The analysis of creativity, of motivation, and of legacy should be a regular genre consideration. Not to the extent of peer reviewed thesis or literary journal material, but most assuredly in the informative and educational and frankly illuminating non-fiction exploration of SFF. From examinations and histories of entire genres, to biographies of the influential and even the obscure, to what storytelling changed the trajectory of our storytellers’ lives…all of it is of merit and worthy of recognition and promotion. With regularly-occurring material each year, SFF-related non-fiction should have its own category in each of the major awards programs.
Are there any other great SFF-related non-fiction works or indeed anything else (books, stories, essays, writers, magazines, films, TV shows, etc…) you’d like to recommend?
There have been a number of SFF non-fiction titles to appear within the last two years within my purview: heroic literature. David C. Smith and Todd B. Vick both released biographical looks at Robert E. Howard, while Brian Murphy wrote a history of Sword & Sorcery. In the past there were the Tales from Before titles examining what books and authors influenced those such as C.S. Lewis and J.R.R. Tolkien. There’s a long-overdue and greatly welcomed documentary style movie about Karl Edward Wagner. I’m sure there are others, those are all that come to mind at the moment.
Where can people buy your book?
Rogue Blades Foundation sells via Amazon, so here’s a hopefully working link to everyone’s own Amazon: http://authl.it/B09419WQZ9?d
Where can people find you?
Thank you, Jason, for stopping by and answering my questions.
About Robert E. Howard Changed My Life:
ROBERT E. HOWARD CHANGED MY LIFE is a brand-new way of understanding how the Texas author’s legacy continues today. 33 contributors long familiar with the man and his creations share how he impacted their lives and continues to impact modern entertainment. This is an intimate look at the changes wrought personally and professionally by the Father of Sword-and-Sorcery and a Founder of American Fantasy.
ROBERT E. HOWARD CHANGED MY LIFE is homage not only in memoir but also in financial support for Project Pride, the agency that sustains the Howard Home and Museum in Cross Plains, Texas. A portion of each sale of the hardcover and electronic book will be donated by RBF to Project Pride each year at the annual Howard Days.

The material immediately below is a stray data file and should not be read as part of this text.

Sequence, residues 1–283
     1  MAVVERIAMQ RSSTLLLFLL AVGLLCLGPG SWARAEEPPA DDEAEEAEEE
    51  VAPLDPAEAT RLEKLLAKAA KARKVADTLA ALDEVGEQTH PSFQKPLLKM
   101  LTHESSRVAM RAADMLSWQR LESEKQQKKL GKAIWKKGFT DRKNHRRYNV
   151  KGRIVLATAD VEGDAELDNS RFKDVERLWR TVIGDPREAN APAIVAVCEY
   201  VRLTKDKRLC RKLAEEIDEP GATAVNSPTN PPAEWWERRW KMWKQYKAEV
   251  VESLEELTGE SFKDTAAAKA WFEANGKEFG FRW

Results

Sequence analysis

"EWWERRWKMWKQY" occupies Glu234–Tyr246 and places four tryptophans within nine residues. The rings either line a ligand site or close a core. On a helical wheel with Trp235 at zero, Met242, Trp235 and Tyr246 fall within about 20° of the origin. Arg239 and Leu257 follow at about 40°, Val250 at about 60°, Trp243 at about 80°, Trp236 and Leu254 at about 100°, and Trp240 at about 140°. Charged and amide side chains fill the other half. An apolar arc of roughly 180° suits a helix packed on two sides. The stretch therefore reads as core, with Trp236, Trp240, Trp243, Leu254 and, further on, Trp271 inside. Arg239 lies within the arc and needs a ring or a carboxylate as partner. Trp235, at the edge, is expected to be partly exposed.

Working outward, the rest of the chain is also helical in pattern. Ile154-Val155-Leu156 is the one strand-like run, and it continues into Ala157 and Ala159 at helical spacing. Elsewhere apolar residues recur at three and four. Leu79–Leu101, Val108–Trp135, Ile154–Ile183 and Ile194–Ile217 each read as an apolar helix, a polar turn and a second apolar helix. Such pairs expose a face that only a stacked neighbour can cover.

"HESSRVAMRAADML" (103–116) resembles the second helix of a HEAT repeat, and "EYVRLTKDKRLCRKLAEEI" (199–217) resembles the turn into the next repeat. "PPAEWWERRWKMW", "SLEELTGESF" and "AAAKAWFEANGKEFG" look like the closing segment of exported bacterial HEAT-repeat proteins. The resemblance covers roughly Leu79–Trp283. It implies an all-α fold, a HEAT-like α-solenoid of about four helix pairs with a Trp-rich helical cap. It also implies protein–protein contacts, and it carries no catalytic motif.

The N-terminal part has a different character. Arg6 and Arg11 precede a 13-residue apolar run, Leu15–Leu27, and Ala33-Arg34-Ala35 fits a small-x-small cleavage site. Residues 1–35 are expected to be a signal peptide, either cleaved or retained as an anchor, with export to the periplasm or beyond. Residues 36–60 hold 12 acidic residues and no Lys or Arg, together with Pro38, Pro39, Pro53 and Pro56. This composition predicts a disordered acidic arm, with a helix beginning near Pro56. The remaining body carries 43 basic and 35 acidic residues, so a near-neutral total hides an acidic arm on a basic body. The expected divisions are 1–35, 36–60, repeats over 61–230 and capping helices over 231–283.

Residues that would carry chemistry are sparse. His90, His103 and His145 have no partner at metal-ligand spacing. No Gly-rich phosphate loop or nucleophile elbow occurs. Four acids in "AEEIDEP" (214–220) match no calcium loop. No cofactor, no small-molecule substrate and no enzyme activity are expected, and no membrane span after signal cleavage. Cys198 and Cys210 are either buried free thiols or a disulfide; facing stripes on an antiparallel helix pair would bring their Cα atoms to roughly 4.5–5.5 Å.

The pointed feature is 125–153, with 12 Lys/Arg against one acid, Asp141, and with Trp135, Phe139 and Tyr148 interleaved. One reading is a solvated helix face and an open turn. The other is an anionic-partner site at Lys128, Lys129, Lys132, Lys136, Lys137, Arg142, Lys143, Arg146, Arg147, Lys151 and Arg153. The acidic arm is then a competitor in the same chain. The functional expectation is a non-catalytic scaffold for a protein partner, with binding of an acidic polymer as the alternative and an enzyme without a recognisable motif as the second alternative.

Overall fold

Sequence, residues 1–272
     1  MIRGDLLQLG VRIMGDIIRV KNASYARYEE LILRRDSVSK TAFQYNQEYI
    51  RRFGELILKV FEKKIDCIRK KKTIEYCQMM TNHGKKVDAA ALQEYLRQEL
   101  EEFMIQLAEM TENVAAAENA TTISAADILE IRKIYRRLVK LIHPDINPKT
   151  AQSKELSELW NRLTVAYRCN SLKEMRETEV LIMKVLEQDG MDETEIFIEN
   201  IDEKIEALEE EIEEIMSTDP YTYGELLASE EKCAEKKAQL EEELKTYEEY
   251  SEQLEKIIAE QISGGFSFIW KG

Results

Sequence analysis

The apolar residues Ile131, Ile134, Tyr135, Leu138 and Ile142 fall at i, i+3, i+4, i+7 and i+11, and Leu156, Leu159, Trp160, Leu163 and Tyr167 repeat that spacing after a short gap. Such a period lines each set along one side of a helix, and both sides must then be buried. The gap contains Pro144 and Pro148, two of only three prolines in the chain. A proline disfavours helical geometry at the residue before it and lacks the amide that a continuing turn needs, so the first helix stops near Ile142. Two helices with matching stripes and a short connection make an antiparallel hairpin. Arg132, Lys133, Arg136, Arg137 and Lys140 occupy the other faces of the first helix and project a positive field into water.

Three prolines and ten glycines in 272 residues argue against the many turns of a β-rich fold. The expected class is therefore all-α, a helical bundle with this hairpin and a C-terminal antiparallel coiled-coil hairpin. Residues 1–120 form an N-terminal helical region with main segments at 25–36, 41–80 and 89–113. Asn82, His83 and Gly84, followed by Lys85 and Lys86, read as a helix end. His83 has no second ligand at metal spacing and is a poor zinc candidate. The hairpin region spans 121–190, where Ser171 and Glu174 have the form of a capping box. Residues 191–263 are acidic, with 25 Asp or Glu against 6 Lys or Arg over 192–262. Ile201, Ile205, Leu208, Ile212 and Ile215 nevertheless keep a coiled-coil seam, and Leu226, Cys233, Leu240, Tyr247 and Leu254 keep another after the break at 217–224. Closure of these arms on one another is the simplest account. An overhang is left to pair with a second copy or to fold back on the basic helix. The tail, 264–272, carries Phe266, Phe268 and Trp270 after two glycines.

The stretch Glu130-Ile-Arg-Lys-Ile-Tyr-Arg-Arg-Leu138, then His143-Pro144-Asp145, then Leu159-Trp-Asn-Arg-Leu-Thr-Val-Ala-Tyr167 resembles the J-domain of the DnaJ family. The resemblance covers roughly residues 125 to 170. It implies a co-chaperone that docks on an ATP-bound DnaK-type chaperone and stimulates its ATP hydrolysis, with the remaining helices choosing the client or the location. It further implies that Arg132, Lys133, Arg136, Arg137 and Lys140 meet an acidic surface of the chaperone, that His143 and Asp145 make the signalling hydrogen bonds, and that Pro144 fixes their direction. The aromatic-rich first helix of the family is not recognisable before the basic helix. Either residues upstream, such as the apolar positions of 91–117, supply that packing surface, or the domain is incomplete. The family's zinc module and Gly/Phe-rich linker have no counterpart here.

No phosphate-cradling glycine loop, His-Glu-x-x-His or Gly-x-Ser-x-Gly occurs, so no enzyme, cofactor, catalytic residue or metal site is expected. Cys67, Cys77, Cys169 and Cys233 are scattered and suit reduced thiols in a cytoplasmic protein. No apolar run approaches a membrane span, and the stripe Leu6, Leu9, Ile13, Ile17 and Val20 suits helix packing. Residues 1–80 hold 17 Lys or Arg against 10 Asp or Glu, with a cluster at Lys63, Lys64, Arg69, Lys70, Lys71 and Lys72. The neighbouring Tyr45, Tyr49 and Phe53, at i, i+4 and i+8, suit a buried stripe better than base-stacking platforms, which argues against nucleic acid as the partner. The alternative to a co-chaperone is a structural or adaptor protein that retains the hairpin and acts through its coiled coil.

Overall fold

ROBERT E. HOWARD CHANGED MY LIFE is as bold, raw, and filled with vibrant life as the words, characters, and works of the man himself. This collection of intimate essays on the impact of Robert E. Howard and his characters as catalysts of personal change comes from 33 scholars, writers, artists, publishers, and fans who can say, “Because Howard lived I am a changed person.”
A Riot of Life, by Jason M Waltz
How REH Saved My Life, by Bill Cavalier
REH, Conan and Me, by John C. Hocking
Dreams of the Purple Kingdom, by Jason Durall
Out there in the Wilds with REH, by Joe R. Lansdale
Bêlit, Queen of the Black Coast, by Jaym Gates
REH and Me: The Celtic Connection, by Adrian Cole
He Himself was in Every One of Them, by Rusty Burke
Crossed Swords and Bloody Seas, by David C. Smith
Taking the World by the Throat, by Karen Joan Kohoutek
The Black Dog and REH, by C.L. Werner
An Empire of Ghosts and Smoke, by Scott Oden
From Conan to Cormac: My Path to Howard Studies, by Todd B. Vick
REH: Opener of the Way, by Nancy A. Collins
Wyrd Ensemble, by Bobby Derie
The Ride of Falume, by Barbara A. Barrett
For the Honor of the Ship, by Christopher A. Gruber
An Ode to REH, by Cecelia Holland
A Love Letter to Bear Creek, by Mark Finn
On the Trail with El Borak, by David Hardy
The Were-Woman, the Gnome, and the Zebra, by Deuce Richardson
In the Footsteps of Steve Harrison, by Fred Blosser
Unearthing an Age Undreamed Of, by Jeffrey Shanks
How REH (And Glenn Lord) Changed My Life, by Roy Thomas
Kosru’s Road, by Howard Andrew Jones
1975: The Year of the Cormac, by Keith J. Taylor
In a Dark Place, by Steven Erikson
My New Friend Agnes, by Becky Cloonan
Sol K. and Me, by Dierk Günther
An Unexpected Gift, by Barbara Ingram Baum
A New and Mighty Mission, by Matthew John
White Spark, Black Fire, by Charles R. Saunders
The Extraordinary Inner World of Charles R. Saunders, Father of ‘Sword and Soul,’ by Jon Tattrie
Charles Saunders and I were Friends, by Joe R. Lansdale
The Importance of Charles Saunders, by David C. Smith
Why No Howard Character Ever Changed My Life, by Patrice Louinet
REH: A European Perspective, by Michael Moorcock
Afterword, by Janet E. Morris
Appendix REH: Suggested Additional Inspirational and Educational Readings
About Jason M. Waltz:
Did you publish a work of SFF-related longform non-fiction in 2021 and want it featured? Contact me or leave a comment.